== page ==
But this balance is a troubling compromise, because it leaves out my return to Hong Kong (and studying in an international school) as well as my recent years in the States, which, ironically, is both the place where I felt most comfortable identity-wise and the main object of my current homesickness. By omitting these two critical facts, I feel like I am somehow cheating myself out of my own life history, but who has time for a lengthy and convoluted response to such a supposedly simple question? Besides, I currently lack the language skills to explain how my time in the States was significant in any way apart from giving me a college degree.

All this is to say that I am experiencing an identity crisis like never before. But maybe most of this frustration stems from the language barrier, my current linguistic handicap. Since our identity is shaped by how we think others see us (sorry, Cooley, if I’ve butchered the concept you’re most famous for), being unable to fully explain myself to others is causing self-doubt about how to identify myself. If this is true, this crisis will pass with time, and my thoughts will gradually move away from the self-indulged.

(The saddest change coming from the States to China is probably how, instead surprising of the average local with my amazing English (if I may say so myself, heh), I am constantly puzzling–or, as in the case of the Carrefour employee in the previous post, inciting the disgust of–locals here with my vastly inferior Chinese. Ironically, the source of both these phenomena can be attributed to my childhood years in Canada. Why oh why didn’t I work harder in Chinese school?)

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Maybe I’m just a snooty Hong Konger

After an afternoon of wandering along Shanghai’s famous shopping street (南京西路) and in and out of no less than five malls, I’ve realized why mainlanders are obsessed with going to Hong Kong to shop. There’s simply nothing to buy here. I know one day and the length of four metro stations might not yield a rigorous enough sample of shops, but go into (almost) any Hong Kong mall with an open mind and a couple hundred in cash and you’ll most likely come out with more than a bottle of 乌龙茶 (Oolong tea) and a box of (Watsons, might I add) side-sealed facial puffs. Where are the everyman malls? Or is it simply that in China, malls are only for the rich? I could get better deals in Canada, sales tax notwithstanding.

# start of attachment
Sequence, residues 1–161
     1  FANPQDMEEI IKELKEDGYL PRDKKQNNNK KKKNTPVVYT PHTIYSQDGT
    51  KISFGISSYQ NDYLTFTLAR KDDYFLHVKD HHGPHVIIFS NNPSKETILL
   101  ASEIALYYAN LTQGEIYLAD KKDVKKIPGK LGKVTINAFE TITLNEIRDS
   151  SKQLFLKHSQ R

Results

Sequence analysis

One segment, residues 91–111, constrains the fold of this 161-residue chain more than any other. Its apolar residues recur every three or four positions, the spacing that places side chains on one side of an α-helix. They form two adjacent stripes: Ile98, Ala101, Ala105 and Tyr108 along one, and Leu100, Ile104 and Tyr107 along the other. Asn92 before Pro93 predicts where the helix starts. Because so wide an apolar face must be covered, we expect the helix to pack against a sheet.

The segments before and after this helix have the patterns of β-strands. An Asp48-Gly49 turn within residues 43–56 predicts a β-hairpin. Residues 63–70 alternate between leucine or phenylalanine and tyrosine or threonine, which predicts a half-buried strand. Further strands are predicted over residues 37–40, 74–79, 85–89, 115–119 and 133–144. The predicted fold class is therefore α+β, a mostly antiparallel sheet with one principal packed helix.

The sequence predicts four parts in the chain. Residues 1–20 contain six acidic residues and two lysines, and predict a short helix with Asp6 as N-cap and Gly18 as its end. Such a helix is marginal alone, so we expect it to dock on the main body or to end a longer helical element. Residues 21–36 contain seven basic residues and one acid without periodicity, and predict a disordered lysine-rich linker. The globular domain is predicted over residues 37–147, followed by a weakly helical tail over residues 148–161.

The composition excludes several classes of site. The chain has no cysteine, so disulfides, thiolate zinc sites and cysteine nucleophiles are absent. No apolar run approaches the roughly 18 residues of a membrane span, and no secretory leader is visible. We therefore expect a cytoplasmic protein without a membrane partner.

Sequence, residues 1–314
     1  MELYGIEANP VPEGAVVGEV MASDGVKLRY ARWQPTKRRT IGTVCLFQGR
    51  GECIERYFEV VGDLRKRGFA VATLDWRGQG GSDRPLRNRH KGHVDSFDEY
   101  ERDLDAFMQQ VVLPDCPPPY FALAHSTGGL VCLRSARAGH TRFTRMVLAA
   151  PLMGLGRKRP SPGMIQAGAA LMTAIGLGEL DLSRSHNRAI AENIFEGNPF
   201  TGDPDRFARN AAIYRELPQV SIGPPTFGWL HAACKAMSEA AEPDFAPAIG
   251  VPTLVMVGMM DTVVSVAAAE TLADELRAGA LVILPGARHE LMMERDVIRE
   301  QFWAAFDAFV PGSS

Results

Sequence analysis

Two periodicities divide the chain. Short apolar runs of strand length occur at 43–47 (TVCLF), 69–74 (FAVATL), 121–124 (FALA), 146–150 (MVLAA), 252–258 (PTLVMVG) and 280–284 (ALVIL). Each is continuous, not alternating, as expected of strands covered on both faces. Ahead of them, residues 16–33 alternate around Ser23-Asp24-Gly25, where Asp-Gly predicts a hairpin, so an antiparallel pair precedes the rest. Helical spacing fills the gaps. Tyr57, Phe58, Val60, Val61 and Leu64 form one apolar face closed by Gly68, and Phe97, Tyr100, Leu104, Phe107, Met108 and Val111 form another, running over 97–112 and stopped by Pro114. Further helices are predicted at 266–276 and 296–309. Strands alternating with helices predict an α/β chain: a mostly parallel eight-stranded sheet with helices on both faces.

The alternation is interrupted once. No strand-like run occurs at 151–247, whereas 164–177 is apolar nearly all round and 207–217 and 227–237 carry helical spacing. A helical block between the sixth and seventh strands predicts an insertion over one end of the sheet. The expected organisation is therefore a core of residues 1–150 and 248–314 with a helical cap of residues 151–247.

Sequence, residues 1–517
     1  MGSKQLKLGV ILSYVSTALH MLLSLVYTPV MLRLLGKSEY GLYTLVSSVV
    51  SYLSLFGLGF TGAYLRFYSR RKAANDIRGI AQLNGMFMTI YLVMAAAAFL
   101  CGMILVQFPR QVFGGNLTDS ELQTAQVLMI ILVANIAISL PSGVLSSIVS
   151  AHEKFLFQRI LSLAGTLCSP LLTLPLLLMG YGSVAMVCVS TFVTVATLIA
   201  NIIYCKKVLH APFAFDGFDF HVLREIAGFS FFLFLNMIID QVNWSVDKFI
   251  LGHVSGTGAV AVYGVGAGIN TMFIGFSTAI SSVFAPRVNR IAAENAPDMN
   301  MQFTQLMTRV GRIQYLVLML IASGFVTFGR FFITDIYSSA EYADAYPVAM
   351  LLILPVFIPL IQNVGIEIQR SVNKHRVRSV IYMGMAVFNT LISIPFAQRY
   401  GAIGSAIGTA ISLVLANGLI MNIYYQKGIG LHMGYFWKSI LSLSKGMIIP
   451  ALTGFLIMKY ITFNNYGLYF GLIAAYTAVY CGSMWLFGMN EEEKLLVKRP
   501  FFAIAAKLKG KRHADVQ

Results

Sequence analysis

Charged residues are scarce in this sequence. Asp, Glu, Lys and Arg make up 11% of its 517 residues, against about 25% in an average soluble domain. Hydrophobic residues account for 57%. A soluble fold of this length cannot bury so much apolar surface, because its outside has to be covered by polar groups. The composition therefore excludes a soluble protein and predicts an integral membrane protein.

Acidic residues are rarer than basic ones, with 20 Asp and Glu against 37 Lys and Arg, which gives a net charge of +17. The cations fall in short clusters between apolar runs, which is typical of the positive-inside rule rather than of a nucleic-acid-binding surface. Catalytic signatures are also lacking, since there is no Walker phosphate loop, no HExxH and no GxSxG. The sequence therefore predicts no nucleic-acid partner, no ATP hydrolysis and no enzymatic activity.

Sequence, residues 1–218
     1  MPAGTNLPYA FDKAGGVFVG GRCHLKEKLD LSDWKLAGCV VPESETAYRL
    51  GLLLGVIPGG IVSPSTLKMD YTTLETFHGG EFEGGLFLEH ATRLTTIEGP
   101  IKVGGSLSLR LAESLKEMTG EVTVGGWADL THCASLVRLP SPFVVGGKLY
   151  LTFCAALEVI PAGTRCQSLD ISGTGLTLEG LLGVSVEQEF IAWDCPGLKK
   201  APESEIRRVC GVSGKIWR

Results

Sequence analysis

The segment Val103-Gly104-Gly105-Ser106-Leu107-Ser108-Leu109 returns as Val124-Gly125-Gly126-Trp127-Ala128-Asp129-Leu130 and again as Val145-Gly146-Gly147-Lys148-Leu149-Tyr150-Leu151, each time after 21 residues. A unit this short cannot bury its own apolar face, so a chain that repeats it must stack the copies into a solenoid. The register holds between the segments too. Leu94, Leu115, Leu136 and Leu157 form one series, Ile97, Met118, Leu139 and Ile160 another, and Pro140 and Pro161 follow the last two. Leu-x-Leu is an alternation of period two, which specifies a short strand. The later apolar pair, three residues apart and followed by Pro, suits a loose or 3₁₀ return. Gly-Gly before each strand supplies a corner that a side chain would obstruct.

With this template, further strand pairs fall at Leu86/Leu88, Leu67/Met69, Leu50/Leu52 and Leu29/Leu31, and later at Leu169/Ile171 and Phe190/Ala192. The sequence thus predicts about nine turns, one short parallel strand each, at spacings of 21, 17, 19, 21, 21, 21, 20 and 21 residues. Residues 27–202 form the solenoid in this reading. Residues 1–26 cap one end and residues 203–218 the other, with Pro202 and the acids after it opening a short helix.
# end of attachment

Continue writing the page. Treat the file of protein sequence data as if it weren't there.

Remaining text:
Also, what is with people’s 服务态度? This country obviously missed Hong Kong’s giant ad campaign about the necessity of good service. Trying to return a rice cooker (because the pan interior had no measuring lines) at Carrefour today was a nightmare. (Carrefour is SH’s upscale Walmart, with signs all over the place telling you that you can get a refund with your receipt “If you change your mind within 7 days of purchase”. How generous.)

First I was met with (in Mandarin, of course):
“What’s wrong with the rice cooker?”
“Nothing, I bought the wrong one.”
“You can’t return it if it doesn’t have any problems.” (Note that I returned a wok earlier this week with no questions asked.)
“It doesn’t have numbers.” (I didn’t know how to say measuring lines.)

She ignored me for a while, until I asked her again if I could return it. With an exasperated sigh, she said something into a walkie-talkie and five minutes later this guy showed up.

“What’s wrong with it?”
“It doesn’t have numbers. I don’t want it anymore.” (i.e. I changed my freaking mind.)
“Numbers?”
I pointed at the picture on the box, and drew lines with my finger.
“Oh. You can’t get a refund.”